The article then discussed 10 skills for the future and I honed in on two of them. The first being social intelligence, “Our emotionality and social IQ developed over millennia of living
in groups will continue be one of the vital assets that give human workers a comparative advantage over machines” but how is this going to happen? Kids are losing the ability to have social and emotional connections with people, they are losing the ability to see how their words and actions immediately affect a person because they cannot see the physical discomfort of another person through social medias.

The other skills for the future that caught my attention was the new media literacy. I am left wondering about when will students be taught and become fluent in media literacy, at what grade do we begin? What do we begin with? I believe there may need to be curriculum changes, significant training of teachers & support staff new and old and a whole crap ton of support. Although from reading other classmates blogs, there might have been someone who is looking into this as their major project.

I feel that my post is long but I am not quite done yet… Thanks for holding on

9 Things That Will Shape The Future Of Education” and TEDED articles are the terrifying part for me

A rush of anxiety is what I felt when reading this. I hated it, I hated teaching virtually. I just see students working at their own pace (ha for those who actually could and do not need CONSTANT motivation), it is self guided which almost feels like university classes I have taken in the past. How do children manage this? How do parents manage this? Has the logistics of this been thought through? If so I am really interested to hear it; although I fear that I may leave education if this becomes the norm. I thrive on teaching face to face, my personality likes us to all be together going through a journey and experiencing the ups and downs as a whole, as a family, growing and learning together. The idea of not having a physical space for school my mind cannot understand. We saw what happened when students couldn’t make social connections and their ability to interact became strained, problem solving conflict issues was difficult. If students are struggling mentally we will miss all the physical signs, we won’t “know” our students in the same way we do now. What about children who have special needs and need a inclusion model to learn? I see so many issues, of course I can see some positive but the issues out weigh the positive, it has too. Maybe these changes will occur in the higher levels and not at the elementary level? I don’t know the answers but this makes me sad.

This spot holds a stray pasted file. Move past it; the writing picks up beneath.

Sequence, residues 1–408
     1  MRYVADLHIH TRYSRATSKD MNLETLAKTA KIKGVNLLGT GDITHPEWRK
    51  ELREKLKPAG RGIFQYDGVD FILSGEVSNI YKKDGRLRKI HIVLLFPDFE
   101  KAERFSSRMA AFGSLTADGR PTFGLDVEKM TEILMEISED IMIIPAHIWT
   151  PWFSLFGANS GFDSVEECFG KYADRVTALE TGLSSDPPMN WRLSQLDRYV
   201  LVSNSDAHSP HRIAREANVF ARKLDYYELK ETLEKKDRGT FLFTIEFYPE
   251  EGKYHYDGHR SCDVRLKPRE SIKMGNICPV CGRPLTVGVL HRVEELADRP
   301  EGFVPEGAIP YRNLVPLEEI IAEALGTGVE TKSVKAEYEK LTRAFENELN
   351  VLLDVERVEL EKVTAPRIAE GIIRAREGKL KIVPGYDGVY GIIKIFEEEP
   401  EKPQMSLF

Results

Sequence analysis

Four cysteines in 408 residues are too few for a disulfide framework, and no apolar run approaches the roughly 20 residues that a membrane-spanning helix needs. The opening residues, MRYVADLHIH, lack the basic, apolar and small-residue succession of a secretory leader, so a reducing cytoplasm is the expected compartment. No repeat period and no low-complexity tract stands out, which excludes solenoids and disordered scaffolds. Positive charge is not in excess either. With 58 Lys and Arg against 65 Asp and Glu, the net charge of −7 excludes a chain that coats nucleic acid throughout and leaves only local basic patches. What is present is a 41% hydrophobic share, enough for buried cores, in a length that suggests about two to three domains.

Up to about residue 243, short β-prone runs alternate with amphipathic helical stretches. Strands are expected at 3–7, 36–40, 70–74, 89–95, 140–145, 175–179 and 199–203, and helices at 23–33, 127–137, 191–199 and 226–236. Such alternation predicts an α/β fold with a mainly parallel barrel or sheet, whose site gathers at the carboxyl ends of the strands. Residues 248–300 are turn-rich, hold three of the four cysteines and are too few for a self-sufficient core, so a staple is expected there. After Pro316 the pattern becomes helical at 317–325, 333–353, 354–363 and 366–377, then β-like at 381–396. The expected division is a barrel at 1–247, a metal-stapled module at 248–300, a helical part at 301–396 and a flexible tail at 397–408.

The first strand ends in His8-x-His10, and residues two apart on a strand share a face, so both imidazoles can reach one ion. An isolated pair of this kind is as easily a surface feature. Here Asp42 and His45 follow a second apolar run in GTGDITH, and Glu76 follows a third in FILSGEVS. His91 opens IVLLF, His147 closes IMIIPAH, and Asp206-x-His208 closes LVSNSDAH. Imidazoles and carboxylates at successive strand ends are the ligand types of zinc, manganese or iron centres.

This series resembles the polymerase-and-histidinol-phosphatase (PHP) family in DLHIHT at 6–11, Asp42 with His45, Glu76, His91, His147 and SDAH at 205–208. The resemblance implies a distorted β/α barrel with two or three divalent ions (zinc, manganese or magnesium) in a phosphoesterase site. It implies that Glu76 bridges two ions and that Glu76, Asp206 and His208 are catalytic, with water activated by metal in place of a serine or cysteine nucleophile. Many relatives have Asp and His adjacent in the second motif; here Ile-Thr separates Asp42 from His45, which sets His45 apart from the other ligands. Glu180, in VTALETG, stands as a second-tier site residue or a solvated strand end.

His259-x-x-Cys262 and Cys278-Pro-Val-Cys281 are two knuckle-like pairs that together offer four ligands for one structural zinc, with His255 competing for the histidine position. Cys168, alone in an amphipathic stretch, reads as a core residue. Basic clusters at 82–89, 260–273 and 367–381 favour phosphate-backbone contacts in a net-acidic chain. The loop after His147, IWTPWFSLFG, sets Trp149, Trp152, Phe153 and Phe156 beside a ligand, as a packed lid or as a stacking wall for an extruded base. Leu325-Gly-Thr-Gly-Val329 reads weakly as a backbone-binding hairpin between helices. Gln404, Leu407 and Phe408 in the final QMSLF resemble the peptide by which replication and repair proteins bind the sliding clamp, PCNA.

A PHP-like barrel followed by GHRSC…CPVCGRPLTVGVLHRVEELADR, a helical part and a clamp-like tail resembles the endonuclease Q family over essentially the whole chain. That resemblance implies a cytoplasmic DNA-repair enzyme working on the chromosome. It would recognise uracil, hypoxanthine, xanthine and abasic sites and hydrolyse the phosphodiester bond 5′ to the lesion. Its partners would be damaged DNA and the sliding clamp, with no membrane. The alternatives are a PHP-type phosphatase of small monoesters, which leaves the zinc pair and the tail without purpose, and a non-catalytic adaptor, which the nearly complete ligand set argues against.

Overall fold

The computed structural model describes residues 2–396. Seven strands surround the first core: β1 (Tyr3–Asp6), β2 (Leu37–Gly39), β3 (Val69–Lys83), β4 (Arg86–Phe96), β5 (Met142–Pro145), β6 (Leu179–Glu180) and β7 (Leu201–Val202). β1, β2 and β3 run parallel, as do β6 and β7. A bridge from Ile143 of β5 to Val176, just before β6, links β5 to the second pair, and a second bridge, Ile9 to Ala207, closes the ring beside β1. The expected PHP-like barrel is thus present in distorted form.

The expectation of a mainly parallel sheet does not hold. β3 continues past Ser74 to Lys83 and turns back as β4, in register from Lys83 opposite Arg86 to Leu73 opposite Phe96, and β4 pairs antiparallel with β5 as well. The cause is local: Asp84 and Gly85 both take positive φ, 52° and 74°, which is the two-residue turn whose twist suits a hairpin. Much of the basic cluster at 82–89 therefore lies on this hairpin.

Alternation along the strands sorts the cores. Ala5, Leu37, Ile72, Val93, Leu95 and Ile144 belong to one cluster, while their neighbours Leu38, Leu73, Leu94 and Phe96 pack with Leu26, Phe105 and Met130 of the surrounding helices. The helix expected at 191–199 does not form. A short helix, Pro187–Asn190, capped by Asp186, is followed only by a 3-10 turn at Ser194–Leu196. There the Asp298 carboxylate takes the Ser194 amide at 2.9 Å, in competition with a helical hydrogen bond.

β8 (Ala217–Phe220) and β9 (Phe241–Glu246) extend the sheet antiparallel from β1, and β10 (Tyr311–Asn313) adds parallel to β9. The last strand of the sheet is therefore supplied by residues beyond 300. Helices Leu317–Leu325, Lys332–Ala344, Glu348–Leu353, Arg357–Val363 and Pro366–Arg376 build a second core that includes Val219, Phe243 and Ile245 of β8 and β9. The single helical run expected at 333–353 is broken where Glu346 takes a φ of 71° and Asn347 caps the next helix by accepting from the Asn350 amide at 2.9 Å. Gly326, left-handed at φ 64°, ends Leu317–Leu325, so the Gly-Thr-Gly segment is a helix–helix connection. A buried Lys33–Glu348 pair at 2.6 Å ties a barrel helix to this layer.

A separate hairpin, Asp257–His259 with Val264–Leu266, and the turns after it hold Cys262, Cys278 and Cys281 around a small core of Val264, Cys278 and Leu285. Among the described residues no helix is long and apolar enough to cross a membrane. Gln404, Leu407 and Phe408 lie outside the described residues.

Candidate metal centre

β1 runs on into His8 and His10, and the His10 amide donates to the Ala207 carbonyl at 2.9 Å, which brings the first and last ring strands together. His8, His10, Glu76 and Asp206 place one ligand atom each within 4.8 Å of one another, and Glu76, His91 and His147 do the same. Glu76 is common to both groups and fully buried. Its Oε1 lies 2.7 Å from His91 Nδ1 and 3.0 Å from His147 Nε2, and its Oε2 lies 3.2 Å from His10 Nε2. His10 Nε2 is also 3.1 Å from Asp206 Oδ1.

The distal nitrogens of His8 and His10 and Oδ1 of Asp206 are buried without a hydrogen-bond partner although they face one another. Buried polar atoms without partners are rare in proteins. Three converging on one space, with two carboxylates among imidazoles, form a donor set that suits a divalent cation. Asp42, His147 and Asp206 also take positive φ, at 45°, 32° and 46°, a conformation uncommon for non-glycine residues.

I go back to my question from the very beginning, will there be a balance?


8 thoughts on “Future of Education is a Scary Place; Is it Balanced?

  1. Christine, your thoughts, your questions made me think a lot. These are the questions that I believe every parent and educator has in their mind but many are unanswered. Finding a balance is too difficult. Yes, technology and being media literate make our life much easier and fast. However, it also creates too many complexities. But let’s hope future education helps in more personal social interaction.

  2. You raise many valid concerns in a thoughtful and considerate way. Despite my appreciation of technology, I 100% agree that there needs to be a balance. We still need many opportunities for hands-on active play/movement/social learning. I can feel your frustration and hope that you stay in education. In all ways, we need diverse voices to provide balance when schools & school boards decide how to best approach digital integration.